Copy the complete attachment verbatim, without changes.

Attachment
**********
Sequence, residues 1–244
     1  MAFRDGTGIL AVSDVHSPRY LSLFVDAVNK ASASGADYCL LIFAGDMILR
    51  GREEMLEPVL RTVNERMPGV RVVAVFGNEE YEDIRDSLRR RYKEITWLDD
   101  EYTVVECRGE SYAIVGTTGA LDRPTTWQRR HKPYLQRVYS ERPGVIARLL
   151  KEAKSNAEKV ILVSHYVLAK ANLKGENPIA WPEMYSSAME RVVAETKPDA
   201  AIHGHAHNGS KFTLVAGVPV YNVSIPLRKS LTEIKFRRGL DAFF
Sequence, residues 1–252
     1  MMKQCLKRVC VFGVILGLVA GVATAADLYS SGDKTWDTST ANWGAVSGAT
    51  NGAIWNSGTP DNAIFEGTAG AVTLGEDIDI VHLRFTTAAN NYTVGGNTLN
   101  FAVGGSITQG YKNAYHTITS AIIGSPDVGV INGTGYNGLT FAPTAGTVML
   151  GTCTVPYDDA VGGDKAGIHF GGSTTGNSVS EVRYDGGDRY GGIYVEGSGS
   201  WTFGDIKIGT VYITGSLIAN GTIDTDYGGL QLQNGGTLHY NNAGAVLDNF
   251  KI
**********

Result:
Sequence, residues 1–244
     1  MAFRDGTGIL AVSDVHSPRY LSLFVDAVNK ASASGADYCL LIFAGDMILR
    51  GREEMLEPVL RTVNERMPGV RVVAVFGNEE YEDIRDSLRR RYKEITWLDD
   101  EYTVVECRGE SYAIVGTTGA LDRPTTWQRR HKPYLQRVYS ERPGVIARLL
   151  KEAKSNAEKV ILVSHYVLAK ANLKGENPIA WPEMYSSAME RVVAETKPDA
   201  AIHGHAHNGS KFTLVAGVPV YNVSIPLRKS LTEIKFRRGL DAFF
Sequence, residues 1–252
     1  MMKQCLKRVC VFGVILGLVA GVATAADLYS SGDKTWDTST ANWGAVSGAT
    51  NGAIWNSGTP DNAIFEGTAG AVTLGEDIDI VHLRFTTAAN NYTVGGNTLN
   101  FAVGGSITQG YKNAYHTITS AIIGSPDVGV INGTGYNGLT FAPTAGTVML
   151  GTCTVPYDDA VGGDKAGIHF GGSTTGNSVS EVRYDGGDRY GGIYVEGSGS
   201  WTFGDIKIGT VYITGSLIAN GTIDTDYGGL QLQNGGTLHY NNAGAVLDNF
   251  KI